There is a concept in math called “one to one correspondence”, in which members of one set may be matched with members of another set, so that each member of one set is matched with exactly one member from the other set. I thought of this concept lately when I found myself working one-on-one with several of my students as they struggled to master some difficult concepts from the class they were taking.

One of the aspects that I love most about teaching, especially of teaching at a small, student-centered college, is that I get to spend quite a bit of time working one-on-one with my students. I love being able to explain concepts to them individually, answering their questions as they arise and giving them problems to work on that directly address their own questions. Of course, I try to do this in class, too, but in all but the smallest of classes, it is not as effective in a group as it is with only one student. In addition, a class always contains some students who are afraid to speak up when they are confused, so I find myself trying to guess who needs help from their facial expressions and the answers they do volunteer.

I especially love spending time with students individually, in office hours or appointments, often writing on the white board I had installed on my office wall. There I help them get a firm grasp of the concepts that may be perplexing them. One might actually call such time with students “tutoring”, but I think of it as an extension of my class time. Indeed, my enjoyment of this style of teaching is one of the reasons I am really enjoying teaching a “flipped” class of Linear Algebra this semester.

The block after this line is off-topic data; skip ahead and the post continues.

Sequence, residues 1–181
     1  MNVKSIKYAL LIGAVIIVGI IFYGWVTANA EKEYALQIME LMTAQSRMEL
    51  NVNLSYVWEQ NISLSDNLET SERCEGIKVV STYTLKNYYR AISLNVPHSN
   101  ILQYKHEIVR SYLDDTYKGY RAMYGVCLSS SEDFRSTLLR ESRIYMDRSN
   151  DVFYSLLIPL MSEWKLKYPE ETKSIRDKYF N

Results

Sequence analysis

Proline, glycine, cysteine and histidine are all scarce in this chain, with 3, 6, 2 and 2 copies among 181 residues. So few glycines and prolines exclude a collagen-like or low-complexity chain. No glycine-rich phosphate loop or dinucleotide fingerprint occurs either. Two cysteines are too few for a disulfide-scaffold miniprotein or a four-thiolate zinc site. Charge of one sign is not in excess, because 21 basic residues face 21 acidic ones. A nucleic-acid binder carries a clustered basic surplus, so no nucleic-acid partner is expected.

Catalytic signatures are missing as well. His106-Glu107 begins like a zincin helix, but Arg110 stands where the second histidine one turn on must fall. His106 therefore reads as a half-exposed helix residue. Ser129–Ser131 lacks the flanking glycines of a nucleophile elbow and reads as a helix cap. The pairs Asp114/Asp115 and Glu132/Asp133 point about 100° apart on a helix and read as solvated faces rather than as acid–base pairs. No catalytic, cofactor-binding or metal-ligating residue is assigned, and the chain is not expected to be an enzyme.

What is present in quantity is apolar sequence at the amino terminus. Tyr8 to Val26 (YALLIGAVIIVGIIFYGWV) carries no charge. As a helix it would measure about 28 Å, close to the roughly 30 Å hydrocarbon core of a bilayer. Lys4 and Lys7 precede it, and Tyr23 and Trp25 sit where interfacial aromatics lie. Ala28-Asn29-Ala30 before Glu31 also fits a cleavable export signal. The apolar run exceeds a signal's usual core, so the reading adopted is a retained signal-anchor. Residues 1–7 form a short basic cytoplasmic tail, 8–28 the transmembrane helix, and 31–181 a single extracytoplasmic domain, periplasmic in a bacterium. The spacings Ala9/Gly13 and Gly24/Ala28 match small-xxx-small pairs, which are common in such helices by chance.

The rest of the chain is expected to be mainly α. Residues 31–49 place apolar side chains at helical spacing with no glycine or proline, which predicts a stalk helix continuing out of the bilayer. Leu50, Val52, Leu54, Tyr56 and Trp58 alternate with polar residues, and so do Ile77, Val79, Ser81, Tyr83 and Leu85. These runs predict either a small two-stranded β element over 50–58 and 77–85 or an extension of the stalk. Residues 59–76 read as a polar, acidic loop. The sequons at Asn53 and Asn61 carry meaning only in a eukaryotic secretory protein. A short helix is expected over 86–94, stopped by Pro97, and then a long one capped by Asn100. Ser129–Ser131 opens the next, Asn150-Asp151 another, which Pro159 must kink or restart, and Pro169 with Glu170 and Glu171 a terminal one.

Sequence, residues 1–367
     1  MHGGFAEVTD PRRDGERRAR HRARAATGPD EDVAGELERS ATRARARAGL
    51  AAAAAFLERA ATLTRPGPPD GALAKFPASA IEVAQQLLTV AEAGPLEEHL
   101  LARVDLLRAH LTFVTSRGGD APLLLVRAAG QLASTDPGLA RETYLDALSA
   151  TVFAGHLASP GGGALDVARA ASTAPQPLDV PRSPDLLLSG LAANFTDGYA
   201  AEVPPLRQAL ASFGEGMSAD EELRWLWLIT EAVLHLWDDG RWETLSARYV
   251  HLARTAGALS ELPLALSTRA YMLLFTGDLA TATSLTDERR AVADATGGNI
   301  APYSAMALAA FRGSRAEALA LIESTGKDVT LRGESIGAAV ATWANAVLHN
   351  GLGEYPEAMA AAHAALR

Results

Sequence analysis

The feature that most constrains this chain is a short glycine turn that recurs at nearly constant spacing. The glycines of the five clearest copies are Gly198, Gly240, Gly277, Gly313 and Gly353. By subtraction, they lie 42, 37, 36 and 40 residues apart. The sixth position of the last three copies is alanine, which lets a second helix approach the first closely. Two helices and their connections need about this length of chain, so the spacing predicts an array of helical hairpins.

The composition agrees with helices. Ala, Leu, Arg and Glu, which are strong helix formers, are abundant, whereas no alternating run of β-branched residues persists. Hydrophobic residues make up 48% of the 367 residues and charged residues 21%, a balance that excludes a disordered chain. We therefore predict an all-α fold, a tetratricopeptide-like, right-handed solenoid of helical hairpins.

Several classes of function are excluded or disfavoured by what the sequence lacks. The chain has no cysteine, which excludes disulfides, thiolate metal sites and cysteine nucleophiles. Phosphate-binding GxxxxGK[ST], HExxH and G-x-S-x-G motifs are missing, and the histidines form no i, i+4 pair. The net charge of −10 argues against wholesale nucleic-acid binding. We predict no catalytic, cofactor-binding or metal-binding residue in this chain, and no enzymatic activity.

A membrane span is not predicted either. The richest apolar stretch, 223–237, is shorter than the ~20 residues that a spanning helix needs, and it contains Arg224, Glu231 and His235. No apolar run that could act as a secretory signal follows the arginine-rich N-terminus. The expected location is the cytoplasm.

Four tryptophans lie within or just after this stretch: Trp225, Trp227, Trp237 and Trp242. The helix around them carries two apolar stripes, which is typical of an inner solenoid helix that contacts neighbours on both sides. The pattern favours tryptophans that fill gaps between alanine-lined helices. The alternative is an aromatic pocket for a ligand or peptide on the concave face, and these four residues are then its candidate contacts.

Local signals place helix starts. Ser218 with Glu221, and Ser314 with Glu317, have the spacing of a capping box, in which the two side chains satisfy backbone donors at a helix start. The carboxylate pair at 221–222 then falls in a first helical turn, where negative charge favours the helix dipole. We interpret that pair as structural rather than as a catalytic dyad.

However, although I find that I can do a good job teaching my students one-to-one, there is one student that I am not very good at tutoring- my own daughter. To help her, I found a tutor who works with her on a regular basis, leading to grades that often land her on the honor roll. I recently spoke to another mother who is also a teacher about this. She said that she feels that she can teach anyone, except her own children. We lamented that is seemed silly to get a tutor to work with our children, when we are teachers ourselves. However, for my daughter, I know that this is the best approach.

I am wondering, readers who are teachers, are you able to tutor your own children, and if so, how do you manage to do this?